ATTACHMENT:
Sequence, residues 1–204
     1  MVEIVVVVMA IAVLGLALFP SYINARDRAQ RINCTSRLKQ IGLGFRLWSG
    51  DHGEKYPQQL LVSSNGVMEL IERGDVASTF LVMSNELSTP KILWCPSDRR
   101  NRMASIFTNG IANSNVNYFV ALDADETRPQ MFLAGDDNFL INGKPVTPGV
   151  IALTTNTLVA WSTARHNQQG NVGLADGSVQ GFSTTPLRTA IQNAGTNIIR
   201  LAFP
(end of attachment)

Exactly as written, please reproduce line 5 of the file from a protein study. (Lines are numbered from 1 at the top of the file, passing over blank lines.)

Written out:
   151  IALTTNTLVA WSTARHNQQG NVGLADGSVQ GFSTTPLRTA IQNAGTNIIR